DevNexus 2018 was held in historic Atlanta February 21-23. For those of you who are not familiar, DevNexus is the most significant Java centric conference in the southeastern US and now perhaps at the national level. It was started by JBoss Java Champion Burr Sutter and organized by the Atlanta JUG (currently led by Vincent Mayers, Pratik Patel, et al). I guess at this point I am a DevNexus veteran!. As usual, DevNexus attracted a bevy of world class speakers including Ed Burns, Kito Mann, Sebastian Daschner, David Blevins, Ivar Grimstad, Rafael Benevides, Jeanne Boyarsky, Victor Orozco, Mohamed Taman, Roberto Cortez, Edson Yanaga and Enrique Zamudio. This was another solid year for DevNexus. Java EE had a strong showing at the conference too, including my own sessions.
I am very happy CapTech sent several Java developers to DevNexus this year, including my current teammate Zack Teater.Pragmatic Microservices with Java EE and WildFly Swarm
I started the conference with my new all-day workshop titled "Pragmatic Microservices with Java EE and WildFly Swarm." I started the workshop explaining what microservices really are, the practical value they offer for most of us and when you should (or shouldn't) consider them. The hands-on portion of the workshop began with running a "monolithic" Java EE application on Payara (my plan is to port this code over to WildFly). Then, we separated a small RESTful service out of the application (microservice). At this stage, the microservice is a simple vanilla Java EE thin war also running on Payara. We discussed the pros and cons of Java EE thin wars vs. fat jars as well as WildFly Swarm. In the next portion of the lab, we ran the microservice as a fat jar using WildFly Swarm. We finished the lab by discussing concepts such as Linux containers (e.g. Docker), dynamic discovery, health-check, metrics, retry/circuit-breakers/bulkheads and client-side load-balancing. We see these concepts in action using the more advanced features beyond fat jars that WildFly Swarm offers.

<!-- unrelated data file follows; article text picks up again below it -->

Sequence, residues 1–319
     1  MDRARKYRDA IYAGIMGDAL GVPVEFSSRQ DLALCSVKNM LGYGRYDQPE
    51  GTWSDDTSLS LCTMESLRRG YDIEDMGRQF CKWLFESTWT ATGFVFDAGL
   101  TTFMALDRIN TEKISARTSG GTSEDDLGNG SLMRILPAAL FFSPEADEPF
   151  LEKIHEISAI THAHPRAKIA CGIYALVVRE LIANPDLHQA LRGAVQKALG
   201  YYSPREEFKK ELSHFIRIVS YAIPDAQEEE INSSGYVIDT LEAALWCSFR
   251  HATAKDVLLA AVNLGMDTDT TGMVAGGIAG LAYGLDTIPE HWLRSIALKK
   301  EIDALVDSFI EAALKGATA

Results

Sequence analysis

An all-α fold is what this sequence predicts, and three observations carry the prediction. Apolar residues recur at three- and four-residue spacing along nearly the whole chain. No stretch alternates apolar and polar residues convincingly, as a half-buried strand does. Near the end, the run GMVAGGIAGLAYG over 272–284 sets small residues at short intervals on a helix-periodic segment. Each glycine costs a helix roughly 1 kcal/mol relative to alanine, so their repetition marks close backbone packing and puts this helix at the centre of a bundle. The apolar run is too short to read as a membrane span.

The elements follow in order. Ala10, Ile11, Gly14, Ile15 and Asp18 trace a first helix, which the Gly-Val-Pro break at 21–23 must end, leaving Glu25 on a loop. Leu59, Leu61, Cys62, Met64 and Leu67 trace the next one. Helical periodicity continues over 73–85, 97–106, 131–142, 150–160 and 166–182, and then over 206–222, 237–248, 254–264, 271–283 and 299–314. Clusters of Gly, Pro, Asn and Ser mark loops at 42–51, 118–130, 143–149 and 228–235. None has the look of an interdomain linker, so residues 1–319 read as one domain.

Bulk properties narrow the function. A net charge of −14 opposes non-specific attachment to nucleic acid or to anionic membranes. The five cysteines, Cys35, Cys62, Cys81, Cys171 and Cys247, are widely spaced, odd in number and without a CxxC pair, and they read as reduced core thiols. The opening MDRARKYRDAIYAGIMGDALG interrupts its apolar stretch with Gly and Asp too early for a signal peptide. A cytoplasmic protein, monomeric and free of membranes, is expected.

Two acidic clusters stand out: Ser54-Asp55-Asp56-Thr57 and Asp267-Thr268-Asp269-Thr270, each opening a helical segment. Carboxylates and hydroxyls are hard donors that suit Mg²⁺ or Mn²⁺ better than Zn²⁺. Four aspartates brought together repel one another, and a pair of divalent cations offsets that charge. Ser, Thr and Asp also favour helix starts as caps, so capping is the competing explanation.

The slide deck I used for the workshop is here. A webcast covering the lectures from the workshop can be found here. The code and instructions for the workshop can be found on GitHub. I've deliberately designed the lab materials to be fairly self-guided so you can use the lab materials on your own (or perhaps run the lab in your own company/JUG). You are always welcome to reach out to me when needed.
Java EE 8 and Java EE 9 - What You Need to Know!
The next day, I delivered my talk titled "Java EE 8 and Java EE 9 - What You Need to Know!" I discussed continued Java EE adoption, the importance of Java EE to the ecosystem, the contents of the Java EE 8 release and the opening up of Java EE through the Eclipse Foundation. I also talked about the key MicroProfile initiative that aims to bring a collaborative, fast-paced, vendor-neutral approach to microservices in the Java EE ecosystem. The heart of the talk covered the key features of Java EE 8 such as HTTP/2, a complete security API overhaul, stronger JSON support, support for HTML 5 Server-Sent Events (SSE), CDI 2, Bean Validation 2 and Java SE 8 alignment. The slides for the talk are here. As is the case for the lab, you are welcome to use the slide deck freely.
Later that day Ivar Grimstad did a deeper dive on MicroProfile, Sebastian Daschner did a very cool talk on Cloud Native Java EE and I listened to Victor Orozco talk about Java EE microservices.The next day I volunteered at the Eclipse Foundation booth with Emily Jiang, David Blevins, Cesar Saavedra, Roberto Cortez and Ivar Grimstad. The booth featured both the MicroProfile and EE4J projects. Booth traffic was great and there was a lot of interest in both projects. I finished the conference by attending Roberto's excellent talk with awesome demos of Java EE/MicroProfile on Raspberry Pis.
This was another great year at DevNexus and I hope to be part of the conference again next year.